Here is a short video of the 1984 Cape Cod Endurance Triathlon. It shows the swim. Marc finishing the swim, and then Marc finishing the run for the win. The origianl video did not really highlight the winners and the competition in this event, but I will upload the whole video at a later date.
Here are some images from the 1985 event (I participated in the first 5 CCET races-5 of the greatest days of my life!).
Scott Tinley winning in a then world record for the Ironman distance.
Marc in his trademark sunglasses.
Who can forget the Puntous twins from Canada (early triathlon standouts)? Here Patricia and Sylvianne tie for a first place finish in 9:30:32 (5th and 6th place overall).
Me finishing in 20th place (10:20:13).
Sarah came to many of my triathlons and was a stellar supporter at the CCET (arriving with me to the start predawn and then waiting out the race for 10 hours until I finished. I thought she was having fun, but I guess not. Her sister and brother only showed up later in the day. They are a bit happier!
I always assumed she liked these events as she was happy to see me. (side note: I never get any grief over my athletic endevours since we have been married. I think she is happy no matter what I do as long as she doesn't have sit through another Ironman triathlon event!)
Another race I remember seeing Marc competing at was the 1985 Bud Light Triathlon series event held in Boston. He outsprinted Jimmy Riccitello for a 3 second win under rainy and slippery conditions. I crashed my bike twice in this event, but still managed to finish top ten in my age group for a spot at the National Championship race in Hilton Head (one of my goals that season). In the days before the internet, I did not find out that I had qualified until after the championship race. It was a very strange race. Besides crashing twice, I nearly got into a fistfight on the run. Some guy kept cutting me off as I kept trying to pass him. He was deliberately impeding my progress and I had to nearly shove him over to get by him (we did talk it over after the race and shook hands).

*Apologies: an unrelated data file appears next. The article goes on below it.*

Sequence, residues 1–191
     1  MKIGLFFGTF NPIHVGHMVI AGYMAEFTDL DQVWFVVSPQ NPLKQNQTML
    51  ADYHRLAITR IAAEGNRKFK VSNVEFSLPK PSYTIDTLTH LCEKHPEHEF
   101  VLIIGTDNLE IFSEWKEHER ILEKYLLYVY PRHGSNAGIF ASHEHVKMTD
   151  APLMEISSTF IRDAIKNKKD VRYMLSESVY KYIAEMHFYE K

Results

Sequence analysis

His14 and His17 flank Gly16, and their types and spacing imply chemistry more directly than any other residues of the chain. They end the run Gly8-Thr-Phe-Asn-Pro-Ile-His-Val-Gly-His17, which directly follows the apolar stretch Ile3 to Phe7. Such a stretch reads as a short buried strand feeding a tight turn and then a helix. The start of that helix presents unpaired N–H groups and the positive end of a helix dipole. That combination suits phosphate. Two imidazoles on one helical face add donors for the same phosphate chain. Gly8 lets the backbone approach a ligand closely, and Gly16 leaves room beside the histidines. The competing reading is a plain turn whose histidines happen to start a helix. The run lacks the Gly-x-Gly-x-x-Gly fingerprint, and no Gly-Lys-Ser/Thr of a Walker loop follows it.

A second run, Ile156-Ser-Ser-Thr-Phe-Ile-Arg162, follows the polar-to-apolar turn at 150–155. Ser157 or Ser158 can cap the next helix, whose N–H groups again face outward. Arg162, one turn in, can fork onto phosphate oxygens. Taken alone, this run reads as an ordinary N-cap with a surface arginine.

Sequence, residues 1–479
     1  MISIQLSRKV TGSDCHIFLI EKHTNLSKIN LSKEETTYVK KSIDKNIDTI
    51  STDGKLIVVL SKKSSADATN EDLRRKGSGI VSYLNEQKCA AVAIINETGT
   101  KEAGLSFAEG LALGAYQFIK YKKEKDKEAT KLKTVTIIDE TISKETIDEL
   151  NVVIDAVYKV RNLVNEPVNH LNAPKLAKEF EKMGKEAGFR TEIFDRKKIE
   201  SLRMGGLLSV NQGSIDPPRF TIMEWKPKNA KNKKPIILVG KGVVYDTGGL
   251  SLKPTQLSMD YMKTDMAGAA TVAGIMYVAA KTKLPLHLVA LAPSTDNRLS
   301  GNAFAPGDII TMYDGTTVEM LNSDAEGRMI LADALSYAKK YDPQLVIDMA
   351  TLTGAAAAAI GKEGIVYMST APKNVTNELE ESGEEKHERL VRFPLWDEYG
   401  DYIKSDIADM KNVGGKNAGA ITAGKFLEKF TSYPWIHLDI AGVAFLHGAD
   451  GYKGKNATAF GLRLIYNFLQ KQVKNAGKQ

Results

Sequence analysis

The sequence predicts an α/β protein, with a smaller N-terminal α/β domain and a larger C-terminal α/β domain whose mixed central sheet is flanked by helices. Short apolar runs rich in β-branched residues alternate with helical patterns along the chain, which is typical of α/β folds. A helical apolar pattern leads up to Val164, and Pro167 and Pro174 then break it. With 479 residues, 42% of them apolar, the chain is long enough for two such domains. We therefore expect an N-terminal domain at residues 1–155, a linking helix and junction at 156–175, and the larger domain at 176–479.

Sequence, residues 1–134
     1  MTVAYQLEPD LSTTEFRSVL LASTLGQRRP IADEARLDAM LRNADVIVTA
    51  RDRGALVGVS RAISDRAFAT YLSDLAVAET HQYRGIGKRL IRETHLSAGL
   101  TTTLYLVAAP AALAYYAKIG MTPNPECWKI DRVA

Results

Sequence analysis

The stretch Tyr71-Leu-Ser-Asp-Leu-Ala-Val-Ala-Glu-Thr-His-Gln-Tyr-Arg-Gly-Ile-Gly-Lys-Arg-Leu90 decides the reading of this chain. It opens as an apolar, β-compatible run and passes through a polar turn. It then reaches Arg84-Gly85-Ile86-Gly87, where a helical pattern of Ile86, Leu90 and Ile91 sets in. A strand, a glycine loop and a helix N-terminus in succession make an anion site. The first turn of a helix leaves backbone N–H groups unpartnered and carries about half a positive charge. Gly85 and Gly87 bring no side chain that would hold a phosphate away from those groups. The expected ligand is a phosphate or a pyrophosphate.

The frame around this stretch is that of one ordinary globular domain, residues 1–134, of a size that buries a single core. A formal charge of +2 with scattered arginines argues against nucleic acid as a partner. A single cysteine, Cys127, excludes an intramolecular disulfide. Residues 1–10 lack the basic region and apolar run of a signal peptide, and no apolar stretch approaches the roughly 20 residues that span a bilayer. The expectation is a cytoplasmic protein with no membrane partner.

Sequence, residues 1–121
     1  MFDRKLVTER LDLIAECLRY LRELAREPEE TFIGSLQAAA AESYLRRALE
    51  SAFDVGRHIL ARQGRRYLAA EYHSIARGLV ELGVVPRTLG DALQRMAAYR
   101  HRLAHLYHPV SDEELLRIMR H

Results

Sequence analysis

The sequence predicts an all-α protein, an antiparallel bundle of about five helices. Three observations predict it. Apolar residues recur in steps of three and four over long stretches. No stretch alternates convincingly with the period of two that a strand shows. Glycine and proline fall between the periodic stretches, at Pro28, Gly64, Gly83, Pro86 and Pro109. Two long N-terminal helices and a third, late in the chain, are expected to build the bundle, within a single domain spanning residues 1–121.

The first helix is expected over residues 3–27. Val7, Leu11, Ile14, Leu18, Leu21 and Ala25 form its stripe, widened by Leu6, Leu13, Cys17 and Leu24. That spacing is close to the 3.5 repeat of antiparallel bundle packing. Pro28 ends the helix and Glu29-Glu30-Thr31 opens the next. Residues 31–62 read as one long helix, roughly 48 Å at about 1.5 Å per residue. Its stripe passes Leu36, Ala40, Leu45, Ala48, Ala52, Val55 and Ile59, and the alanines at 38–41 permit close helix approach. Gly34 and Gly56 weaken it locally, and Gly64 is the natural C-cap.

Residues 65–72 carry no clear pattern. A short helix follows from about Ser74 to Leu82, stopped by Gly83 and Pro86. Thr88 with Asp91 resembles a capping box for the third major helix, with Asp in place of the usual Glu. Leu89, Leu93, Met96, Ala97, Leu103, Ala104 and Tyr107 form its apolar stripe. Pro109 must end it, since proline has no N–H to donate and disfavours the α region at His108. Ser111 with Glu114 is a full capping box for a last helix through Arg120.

Here is a summary of the race from the results booklet.
Here is me wearing the Oakley sunglasses that were "cool" at the time. I am not sure if this is pre or post fight! Why was I wearing sunglasses on a rainy day?
Competing in triathlons during the 1980's still creates vivid and fond memories for me. The training, competing, and characters I met along the way still resonate deeply with me as they were such glorious times. I guess I find it hard to fathom that such a vibrant and athletic person such as Marc Suprenant is no longer with us. He was only 49 years old when he died. Here is an article on his passing and a listing of memories from some of his fellow competitors and friends. There are plenty of great stories about Marc listed in the memories and some that aren't. Didn't he fall asleep during the run of the Hawaii Ironman race one year when he was considered a favorite and then wake up later to finish the race? I only knew Marc as an aquaintance at races, but followed his career in triathlons. It is sad when a person who epitimized both health and fun living is no longer living.